Hello, everyone, and welcome to the Rev Up. Now it gets interesting. With four motos remaining in the 2014 Lucas Oil Pro Motocross Championship, the fight is on. It’s a pretty unique picture as we have a pair of teammates riding the same bike and wearing the same riding gear separated by a mere seven points coming down the stretch. Appearances can be deceiving, and while the two Red Bull KTM endorsed (and endorsed mightily) title front-runners are mirror images on the starting line, they couldn’t be any more different once the gate drops.
On one hand we have the flashy, post-teen German wunderkind, Ken Roczen, who has put together a downright spectacular rookie season in the 450 Class. In supercross, he broke out and won Anaheim 1 while further striving for the title for the rest of the year, to no avail. In the outdoors he came out on fire again, and for a span of time it looked like the world was truly #94’s. In fact, he is the newest cover boy in Racer X Illustrated, with the cover blurb asking if he’s the new fastest man on the planet. Conversely, Ryan Dungey didn’t really do well in supercross in the beginning, although, by season’s end, he was right back up front. Dungey did win the overall at the outdoor season opener, but then just kind of rode methodically—until now.
The pendulum has swung at the optimum time for the wily veteran, and you have to ask yourself whose shoes would you rather be in? Would you rather have youth and tenacity on your side, or pure grit and championship experience? For me, as a former racer, it’s a no brainer. I would much, much, rather be Ryan Dungey. Once you have become a champion as many times as he, the next four motos are simply that: four motos to get the job done. Do the damn work and get the job done. Period.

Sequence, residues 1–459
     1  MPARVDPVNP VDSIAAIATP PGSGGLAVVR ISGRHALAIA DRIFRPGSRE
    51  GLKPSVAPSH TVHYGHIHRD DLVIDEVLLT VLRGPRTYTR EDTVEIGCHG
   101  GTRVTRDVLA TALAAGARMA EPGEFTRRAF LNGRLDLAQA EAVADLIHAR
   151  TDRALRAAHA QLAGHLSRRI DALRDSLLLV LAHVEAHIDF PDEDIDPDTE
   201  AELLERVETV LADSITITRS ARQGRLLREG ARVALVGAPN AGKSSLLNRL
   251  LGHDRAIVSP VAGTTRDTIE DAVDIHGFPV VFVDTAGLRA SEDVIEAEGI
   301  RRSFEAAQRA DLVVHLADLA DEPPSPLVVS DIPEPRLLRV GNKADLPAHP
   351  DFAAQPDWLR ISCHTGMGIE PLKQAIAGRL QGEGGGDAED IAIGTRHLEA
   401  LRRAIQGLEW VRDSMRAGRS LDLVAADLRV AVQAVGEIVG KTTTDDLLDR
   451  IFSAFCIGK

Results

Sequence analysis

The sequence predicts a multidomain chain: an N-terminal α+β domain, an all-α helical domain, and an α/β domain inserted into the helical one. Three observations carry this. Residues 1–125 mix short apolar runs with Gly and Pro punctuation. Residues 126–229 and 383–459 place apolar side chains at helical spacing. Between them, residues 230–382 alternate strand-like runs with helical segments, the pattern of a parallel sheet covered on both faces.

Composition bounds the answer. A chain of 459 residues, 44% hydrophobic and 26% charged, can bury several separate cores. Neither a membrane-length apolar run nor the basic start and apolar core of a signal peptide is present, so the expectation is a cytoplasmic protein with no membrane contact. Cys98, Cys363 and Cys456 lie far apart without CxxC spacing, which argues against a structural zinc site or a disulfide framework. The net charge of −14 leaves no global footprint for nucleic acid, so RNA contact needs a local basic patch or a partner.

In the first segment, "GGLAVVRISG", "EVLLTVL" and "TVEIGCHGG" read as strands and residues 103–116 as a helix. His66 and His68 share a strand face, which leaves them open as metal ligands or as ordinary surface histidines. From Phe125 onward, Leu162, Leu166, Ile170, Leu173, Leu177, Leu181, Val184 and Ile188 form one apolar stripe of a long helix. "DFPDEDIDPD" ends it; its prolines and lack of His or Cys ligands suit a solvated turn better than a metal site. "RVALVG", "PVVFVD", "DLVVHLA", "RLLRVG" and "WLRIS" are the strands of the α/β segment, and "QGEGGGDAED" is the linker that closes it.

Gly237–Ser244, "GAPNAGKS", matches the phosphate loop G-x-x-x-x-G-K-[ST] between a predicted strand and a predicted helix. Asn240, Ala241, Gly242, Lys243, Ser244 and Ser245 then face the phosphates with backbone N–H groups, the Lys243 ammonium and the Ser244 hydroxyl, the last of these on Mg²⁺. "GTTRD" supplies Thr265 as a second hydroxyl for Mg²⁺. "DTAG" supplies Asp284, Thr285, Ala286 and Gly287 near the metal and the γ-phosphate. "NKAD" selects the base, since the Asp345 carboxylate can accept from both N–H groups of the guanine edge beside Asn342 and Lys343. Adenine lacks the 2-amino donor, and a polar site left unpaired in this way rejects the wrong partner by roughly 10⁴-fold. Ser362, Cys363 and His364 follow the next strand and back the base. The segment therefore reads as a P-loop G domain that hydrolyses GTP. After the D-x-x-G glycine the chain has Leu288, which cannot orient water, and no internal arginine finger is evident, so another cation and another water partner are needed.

For young Roczen, it’s a stretch different. Ho, ho. The 450cc American Supercross OR Motocross National Championship is the most coveted achievement in the world of motocross. If this were anything but the truth, Roczen would have never left the Fatherland. Nor, would have Chad Reed left Australia, or Jean Michel Bayle arrived from France. No disrespect to the great Stefan Everts or the masterful Antonio Cairoli, who are easily two of the most astonishing motocross champions of all-time—BUT, this is the most globally respected title in our sport. Roczen left his home to come get it. Will the talented Mr. Roczen feel the pressure during these final four motos? Yes, he will.
Now, this considered, pressure is no stranger to Kenny who is a World Grand Prix Champion and a multiple-time Motocross of Nations class winner in his own right. Can he handle it? Yes, he can. Ah, but this is a different kind of pressure. This is the moment he has dreamed about since he was a boy. Roczen family members have raced their entire lives, but they even made the trek to America when he was around 14 years old, to race Loretta’s and some other big American amateur events. They have won just about everything there is to win in the world on a motocross bike.